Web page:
Book Review: Darius & Twig by Walter Dean Myers

by Claudia Rojas

Darius & Twig will keep teens and young adults completely hooked with its endearing storytelling and high school boys. It’s easy to like the story’s simple narration and the main character, Darius, who has a writer’s imagination. It’s also unexpected to see Darius as the best friend of an athlete, but their relationship has the very real quality and growth of friendship. 

The story of Darius and Twig begin with college applications and dreams on the horizon. The backdrop is a diverse student body in Harlem, subject to bullying and violence. Darius is best friend with Twig, who is a skilled track runner with potential for an athletic scholarship. Both boys have to deal with the consequences of wanting to pursue college dreams in a community that has different dreams for them: dreams without college degrees, with drug addictions, and sometimes, with jail time. 

Darius is a character defined by his reactions to the events around him. He is in a stressful home life, and Twig faces family pressure against attending college. Twig is both intimidated and energized by the competition in the sport industry. Darius loves to see Twig run, but his true passion and talent is writing. Darius is hopeful that publishing a short story in a college magazine will boost his “average” student profile. Although they experience an intense course of events, the boys do an admirable job of confiding in one another and supporting each other’s dreams. They are each other’s biggest fans. Together, they must learn to survive and understand Midnight, one of several bullies at school.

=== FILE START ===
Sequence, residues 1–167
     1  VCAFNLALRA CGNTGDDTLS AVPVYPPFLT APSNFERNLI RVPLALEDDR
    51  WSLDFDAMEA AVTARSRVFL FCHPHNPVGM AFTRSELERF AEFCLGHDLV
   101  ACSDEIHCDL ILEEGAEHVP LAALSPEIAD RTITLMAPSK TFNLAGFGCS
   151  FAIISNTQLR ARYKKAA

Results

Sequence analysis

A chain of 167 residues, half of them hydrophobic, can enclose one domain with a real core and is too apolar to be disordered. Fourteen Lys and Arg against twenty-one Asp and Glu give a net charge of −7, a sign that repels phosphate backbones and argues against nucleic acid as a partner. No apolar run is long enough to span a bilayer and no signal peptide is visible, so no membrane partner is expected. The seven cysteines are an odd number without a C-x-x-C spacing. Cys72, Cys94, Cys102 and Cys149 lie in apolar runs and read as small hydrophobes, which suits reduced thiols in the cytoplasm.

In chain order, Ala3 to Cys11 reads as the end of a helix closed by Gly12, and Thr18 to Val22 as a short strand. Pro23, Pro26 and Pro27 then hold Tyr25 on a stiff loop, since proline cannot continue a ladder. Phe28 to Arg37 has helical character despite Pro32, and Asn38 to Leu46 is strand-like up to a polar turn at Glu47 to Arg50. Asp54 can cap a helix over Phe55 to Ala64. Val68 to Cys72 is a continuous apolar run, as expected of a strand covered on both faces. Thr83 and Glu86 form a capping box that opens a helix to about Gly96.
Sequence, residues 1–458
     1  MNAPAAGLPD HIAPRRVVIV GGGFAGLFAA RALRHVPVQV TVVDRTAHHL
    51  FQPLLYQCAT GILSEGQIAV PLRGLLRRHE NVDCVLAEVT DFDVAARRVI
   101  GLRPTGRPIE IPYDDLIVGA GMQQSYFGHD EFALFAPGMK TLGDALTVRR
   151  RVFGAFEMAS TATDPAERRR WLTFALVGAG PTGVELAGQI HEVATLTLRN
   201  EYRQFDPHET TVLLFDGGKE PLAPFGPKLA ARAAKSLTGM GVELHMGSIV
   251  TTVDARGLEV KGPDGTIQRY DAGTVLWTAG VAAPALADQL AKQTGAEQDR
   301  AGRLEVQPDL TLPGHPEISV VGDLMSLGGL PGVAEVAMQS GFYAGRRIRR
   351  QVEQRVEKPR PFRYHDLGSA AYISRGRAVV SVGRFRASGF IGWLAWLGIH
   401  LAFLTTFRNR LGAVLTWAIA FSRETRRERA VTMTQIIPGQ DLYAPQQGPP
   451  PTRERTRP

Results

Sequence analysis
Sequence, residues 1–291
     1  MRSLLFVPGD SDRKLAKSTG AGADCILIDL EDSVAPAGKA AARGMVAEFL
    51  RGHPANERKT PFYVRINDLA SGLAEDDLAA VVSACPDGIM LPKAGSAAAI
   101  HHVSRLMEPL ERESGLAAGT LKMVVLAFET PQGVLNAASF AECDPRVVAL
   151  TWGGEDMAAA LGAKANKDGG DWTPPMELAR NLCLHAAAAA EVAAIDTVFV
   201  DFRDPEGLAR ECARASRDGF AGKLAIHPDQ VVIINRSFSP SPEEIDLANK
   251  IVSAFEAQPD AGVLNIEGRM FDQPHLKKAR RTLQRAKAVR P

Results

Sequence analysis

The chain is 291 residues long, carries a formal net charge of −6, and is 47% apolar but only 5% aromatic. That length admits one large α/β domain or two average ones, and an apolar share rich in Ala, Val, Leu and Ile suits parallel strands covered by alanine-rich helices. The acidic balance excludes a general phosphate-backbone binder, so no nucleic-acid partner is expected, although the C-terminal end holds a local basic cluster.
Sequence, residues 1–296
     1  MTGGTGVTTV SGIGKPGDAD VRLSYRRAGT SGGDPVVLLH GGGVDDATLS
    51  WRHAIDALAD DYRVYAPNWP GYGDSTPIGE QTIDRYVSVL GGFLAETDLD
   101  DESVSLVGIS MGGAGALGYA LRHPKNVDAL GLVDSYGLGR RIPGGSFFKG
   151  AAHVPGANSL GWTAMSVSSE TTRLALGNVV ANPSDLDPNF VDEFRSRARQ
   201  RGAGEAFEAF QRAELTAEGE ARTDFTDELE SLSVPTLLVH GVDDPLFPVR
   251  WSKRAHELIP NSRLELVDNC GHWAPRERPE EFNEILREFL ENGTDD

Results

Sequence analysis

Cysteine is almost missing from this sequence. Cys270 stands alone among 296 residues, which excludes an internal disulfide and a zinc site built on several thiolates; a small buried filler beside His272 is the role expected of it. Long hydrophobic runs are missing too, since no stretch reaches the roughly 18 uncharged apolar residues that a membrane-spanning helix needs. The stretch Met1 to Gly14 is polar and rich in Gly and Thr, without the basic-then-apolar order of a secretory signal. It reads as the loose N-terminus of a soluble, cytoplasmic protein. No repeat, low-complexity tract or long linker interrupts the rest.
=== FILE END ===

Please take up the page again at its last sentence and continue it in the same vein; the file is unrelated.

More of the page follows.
The novel has a unique storytelling technique where chapters are opened by brief italicized text that tells Darius’ daydreams of being a powerful falcon. Throughout the novel, Darius also makes references to the story about a dolphin and a boy, which he is in the process of revising. This storytelling was a personal favorite because there were doses of subplots, extra stories.

Over the course of the novel, Darius and Twig teach you what it means to be the best version of yourself. The boys must learn to overcome bullies that use mild profanity, fist fights, or intimidation. There is also the chance encounter with guns and shootings. Not all readers will connect with these events, and the narrative is sometimes rushed, but this novel is a strong reminder of the lives lived beyond the reader’s immediate place in society. It’s a timely novel to read.

Darius & Twig get 4 stars.

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